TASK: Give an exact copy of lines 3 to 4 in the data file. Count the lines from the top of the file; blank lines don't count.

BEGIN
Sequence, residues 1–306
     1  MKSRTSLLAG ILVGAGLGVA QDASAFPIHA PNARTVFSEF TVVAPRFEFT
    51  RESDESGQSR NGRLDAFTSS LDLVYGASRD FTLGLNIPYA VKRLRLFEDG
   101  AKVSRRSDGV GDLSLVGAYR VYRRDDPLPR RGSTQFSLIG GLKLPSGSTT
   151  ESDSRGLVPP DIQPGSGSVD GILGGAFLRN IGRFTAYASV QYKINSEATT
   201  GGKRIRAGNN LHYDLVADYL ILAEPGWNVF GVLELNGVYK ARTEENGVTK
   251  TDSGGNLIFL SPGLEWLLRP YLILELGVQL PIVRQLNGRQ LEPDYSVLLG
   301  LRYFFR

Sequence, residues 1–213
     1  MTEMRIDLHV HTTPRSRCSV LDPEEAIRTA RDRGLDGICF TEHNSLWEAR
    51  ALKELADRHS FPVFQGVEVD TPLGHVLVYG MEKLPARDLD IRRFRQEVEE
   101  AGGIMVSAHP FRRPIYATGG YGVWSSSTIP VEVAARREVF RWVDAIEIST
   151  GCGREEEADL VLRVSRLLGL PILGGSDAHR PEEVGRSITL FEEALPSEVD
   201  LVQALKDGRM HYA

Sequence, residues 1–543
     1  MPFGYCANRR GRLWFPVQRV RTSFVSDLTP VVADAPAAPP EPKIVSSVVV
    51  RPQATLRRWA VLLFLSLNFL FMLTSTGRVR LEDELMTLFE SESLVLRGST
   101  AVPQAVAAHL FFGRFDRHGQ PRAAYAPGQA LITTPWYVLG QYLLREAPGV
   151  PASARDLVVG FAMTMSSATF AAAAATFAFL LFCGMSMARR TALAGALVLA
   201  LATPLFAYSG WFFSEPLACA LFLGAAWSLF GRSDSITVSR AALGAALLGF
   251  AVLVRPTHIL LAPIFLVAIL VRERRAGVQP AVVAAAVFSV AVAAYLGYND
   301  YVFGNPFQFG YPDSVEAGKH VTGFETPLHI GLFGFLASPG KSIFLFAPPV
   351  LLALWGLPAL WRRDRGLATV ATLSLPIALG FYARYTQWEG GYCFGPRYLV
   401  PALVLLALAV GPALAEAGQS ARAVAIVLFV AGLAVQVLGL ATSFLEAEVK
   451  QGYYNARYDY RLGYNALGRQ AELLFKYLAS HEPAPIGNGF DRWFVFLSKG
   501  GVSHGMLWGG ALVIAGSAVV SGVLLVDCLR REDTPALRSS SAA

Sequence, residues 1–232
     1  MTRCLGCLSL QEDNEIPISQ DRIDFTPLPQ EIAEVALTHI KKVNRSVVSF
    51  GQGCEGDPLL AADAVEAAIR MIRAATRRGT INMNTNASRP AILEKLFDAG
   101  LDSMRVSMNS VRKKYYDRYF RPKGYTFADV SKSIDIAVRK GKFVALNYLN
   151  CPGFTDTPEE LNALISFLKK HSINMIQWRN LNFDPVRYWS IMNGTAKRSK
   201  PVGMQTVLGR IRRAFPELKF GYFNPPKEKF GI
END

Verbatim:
    51  RESDESGQSR NGRLDAFTSS LDLVYGASRD FTLGLNIPYA VKRLRLFEDG
   101  AKVSRRSDGV GDLSLVGAYR VYRRDDPLPR RGSTQFSLIG GLKLPSGSTT